Policy Priorities

2018 Policy Priorities

  • Protect health care funding sources that are integral to school-based health sustainability and increase access to care.
    School-based health centers (SBHCs) and school health programs rely on a range of safety net funding streams and programs that may be at risk in the coming years. The ability for the school health field to thrive is dependent on protecting programs such as Medi-Cal, School Medicaid programs, Children’s Health Insurance Program (CHIP), prospective payments for federally-qualified health centers (FQHCs), FamilyPACT, Children’s Health and Disability Prevention Program (CHDP), and Health4All Kids. We will work with education, healthcare, and children’s advocates to protect these investments. We also recognize that reproductive health education and services are essential components of quality health care for adolescents and will work to maintain access to reproductive health care.
  • Advocate for school communities and health care settings that protect immigrant students and families.
    Attacks on immigrant communities have a negative impact on students, whether documented or not. Schools and SBHCs can play a significant role in protecting students and ensuring they experience schools and SBHCs as safe-havens. CSHA staff will increase the knowledge of school health and SBHC staff about changes to immigration policies and on practices to best support vulnerable students and their families. We will also increase the advocacy capacity of our statewide school-based health field to protect and advance safe-haven/sanctuary policies in schools. Read our statement affirming our commitment to health care, education, and inclusion.
  • Institutionalize support for school health within state agencies, specifically within the California Department of Public Health (CDPH), Department of Health Care Services (DHCS), and California Department of Education (CDE).
    CSHA will work with state agencies to strengthen their internal capacity to support school-based health services, including hiring new staff, collaborating across agencies, improving communication to schools, and expanding current programs. Specifically, we will advocate for the state to fully implement the federal government’s change to the free care rule and to support Local Education Agencies (LEAs) as they increase reimbursement for non-special education health services. We will support ongoing collaboration between DHCS and CDE to maximize the School Medicaid programs. And we will continue to urge CDPH to support SBHCs through the limited state funding provided to the department.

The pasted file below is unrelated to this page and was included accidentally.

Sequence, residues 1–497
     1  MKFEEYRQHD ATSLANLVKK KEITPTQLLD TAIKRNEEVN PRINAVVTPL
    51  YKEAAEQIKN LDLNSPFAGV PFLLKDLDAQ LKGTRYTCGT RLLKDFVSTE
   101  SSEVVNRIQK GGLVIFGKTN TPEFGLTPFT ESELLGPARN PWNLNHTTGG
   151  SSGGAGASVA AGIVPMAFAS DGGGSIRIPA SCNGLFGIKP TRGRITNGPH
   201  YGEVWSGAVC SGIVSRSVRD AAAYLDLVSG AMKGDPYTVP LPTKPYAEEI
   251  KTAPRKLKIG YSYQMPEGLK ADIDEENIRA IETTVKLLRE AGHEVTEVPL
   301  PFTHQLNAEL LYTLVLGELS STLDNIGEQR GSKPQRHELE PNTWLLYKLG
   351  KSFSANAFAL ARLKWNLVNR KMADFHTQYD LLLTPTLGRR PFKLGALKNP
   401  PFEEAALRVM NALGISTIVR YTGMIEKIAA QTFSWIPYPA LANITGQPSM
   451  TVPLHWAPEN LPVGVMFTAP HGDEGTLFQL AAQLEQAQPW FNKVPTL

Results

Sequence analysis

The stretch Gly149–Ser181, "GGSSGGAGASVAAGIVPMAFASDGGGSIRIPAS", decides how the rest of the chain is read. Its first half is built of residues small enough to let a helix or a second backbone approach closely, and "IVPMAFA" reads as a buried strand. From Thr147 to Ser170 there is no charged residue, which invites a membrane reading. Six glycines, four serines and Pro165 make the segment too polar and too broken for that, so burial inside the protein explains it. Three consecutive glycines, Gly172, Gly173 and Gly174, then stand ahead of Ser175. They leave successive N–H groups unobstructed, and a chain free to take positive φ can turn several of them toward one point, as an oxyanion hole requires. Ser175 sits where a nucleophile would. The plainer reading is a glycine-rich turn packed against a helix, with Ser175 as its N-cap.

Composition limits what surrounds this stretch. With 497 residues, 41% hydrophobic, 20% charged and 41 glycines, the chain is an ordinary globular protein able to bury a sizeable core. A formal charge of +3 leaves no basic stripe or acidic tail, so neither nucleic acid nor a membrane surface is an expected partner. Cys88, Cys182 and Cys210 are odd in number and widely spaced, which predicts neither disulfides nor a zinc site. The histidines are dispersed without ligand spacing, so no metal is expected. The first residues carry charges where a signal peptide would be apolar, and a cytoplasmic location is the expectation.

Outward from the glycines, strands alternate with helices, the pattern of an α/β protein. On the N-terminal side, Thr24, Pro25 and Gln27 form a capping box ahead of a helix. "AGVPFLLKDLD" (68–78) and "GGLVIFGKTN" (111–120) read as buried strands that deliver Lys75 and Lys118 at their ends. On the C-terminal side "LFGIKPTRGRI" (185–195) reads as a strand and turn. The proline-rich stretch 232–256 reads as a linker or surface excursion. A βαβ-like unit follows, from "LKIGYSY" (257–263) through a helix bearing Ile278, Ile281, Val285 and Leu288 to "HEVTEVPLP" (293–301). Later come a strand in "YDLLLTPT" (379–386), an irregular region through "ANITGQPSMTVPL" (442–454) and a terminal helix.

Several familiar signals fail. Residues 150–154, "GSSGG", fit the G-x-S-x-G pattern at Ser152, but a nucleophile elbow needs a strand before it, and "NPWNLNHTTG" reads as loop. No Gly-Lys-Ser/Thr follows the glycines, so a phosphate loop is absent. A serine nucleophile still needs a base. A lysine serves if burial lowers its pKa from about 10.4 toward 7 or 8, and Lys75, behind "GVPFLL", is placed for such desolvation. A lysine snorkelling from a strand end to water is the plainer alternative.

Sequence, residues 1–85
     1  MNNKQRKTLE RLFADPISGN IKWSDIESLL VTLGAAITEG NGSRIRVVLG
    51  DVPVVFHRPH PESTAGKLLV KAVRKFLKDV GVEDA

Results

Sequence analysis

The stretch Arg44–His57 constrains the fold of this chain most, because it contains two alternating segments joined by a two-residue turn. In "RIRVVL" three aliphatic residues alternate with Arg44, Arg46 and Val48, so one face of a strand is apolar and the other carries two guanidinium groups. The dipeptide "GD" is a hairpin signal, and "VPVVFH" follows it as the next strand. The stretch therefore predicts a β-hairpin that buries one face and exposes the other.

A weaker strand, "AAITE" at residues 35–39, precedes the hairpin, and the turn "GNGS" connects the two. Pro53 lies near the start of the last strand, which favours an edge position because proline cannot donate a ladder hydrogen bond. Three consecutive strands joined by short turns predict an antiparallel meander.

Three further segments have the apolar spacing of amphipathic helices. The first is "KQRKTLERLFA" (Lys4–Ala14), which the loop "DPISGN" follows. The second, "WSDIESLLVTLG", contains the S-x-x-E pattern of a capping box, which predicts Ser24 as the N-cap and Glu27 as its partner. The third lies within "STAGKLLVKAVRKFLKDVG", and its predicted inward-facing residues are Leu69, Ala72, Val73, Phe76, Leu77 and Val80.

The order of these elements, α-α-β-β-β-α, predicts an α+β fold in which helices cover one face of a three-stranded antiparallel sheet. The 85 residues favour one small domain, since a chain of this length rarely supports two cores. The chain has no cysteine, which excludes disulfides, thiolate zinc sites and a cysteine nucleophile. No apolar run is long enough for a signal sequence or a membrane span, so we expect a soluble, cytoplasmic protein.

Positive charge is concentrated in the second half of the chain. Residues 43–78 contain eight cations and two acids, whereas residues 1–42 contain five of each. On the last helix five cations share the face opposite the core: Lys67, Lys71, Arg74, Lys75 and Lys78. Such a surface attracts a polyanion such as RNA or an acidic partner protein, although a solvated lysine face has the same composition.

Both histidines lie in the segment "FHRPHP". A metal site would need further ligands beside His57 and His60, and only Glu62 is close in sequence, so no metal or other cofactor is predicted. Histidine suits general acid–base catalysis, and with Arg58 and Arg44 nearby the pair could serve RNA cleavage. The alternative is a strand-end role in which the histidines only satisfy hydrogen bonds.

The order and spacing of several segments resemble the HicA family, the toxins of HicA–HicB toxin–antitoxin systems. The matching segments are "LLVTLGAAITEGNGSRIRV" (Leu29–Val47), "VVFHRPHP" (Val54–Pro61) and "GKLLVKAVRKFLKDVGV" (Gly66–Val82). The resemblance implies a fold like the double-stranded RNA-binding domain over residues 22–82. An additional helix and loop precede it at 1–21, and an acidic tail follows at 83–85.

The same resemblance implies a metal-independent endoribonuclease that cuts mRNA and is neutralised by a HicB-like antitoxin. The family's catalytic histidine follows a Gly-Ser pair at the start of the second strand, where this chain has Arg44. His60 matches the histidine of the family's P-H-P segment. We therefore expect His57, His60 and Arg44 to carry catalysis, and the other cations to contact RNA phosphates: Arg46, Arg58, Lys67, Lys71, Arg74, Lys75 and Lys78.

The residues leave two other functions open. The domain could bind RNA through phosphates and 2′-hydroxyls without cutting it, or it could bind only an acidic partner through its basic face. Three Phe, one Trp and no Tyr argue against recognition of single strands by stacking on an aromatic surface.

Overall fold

• Increase resources for school-based mental and behavioral health.
    CSHA will continue to develop a strong in-house understanding and resources about various strategies for providing and paying for school mental health. We will advocate for more funding and better utilization of existing funding that supports trauma-informed, youth-empowering, and multi-tiered school mental health services. We will also advocate for more resources to support school-based substance use prevention and early intervention practices.
  • Advance school-based oral health through implementing promising practices and increasing resources.
    CSHA will identify strategies (i.e. practices and new resources) to better support school-based oral health prevention and treatment services. We will participate as a core/advisory group member for the California Oral Health Network, a network working to eliminate oral health disparities in California. We will advocate for regional investments in school-based interventions and highlight the role that school-based services play in addressing oral health issues for children and youth.